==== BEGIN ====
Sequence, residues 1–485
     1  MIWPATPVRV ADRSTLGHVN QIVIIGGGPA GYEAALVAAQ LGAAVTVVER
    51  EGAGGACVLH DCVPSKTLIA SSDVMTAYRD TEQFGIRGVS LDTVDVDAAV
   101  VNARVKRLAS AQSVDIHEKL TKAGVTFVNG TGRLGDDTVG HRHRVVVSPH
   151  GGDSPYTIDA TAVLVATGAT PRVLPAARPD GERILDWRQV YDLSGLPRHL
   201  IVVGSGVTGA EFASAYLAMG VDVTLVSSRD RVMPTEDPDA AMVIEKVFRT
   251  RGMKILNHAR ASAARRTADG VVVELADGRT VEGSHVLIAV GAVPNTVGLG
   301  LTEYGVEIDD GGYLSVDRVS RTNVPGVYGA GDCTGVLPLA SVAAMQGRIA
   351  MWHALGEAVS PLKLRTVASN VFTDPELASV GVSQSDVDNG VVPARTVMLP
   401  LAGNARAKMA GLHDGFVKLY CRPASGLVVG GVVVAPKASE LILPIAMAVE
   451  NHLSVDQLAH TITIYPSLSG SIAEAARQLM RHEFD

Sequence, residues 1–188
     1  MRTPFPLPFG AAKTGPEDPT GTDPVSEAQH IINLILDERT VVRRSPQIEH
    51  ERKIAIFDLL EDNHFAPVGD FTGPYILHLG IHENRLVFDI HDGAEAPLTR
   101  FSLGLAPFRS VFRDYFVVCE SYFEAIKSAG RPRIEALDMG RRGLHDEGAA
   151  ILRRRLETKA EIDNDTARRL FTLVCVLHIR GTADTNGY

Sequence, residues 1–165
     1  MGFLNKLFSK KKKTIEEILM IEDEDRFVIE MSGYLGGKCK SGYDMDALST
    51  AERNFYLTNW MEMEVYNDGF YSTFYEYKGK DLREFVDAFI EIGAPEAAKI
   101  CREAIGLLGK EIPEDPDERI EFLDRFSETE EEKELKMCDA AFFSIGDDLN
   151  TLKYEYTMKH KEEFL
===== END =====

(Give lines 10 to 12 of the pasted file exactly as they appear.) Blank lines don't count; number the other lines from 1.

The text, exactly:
   401  LAGNARAKMA GLHDGFVKLY CRPASGLVVG GVVVAPKASE LILPIAMAVE
   451  NHLSVDQLAH TITIYPSLSG SIAEAARQLM RHEFD

Sequence, residues 1–188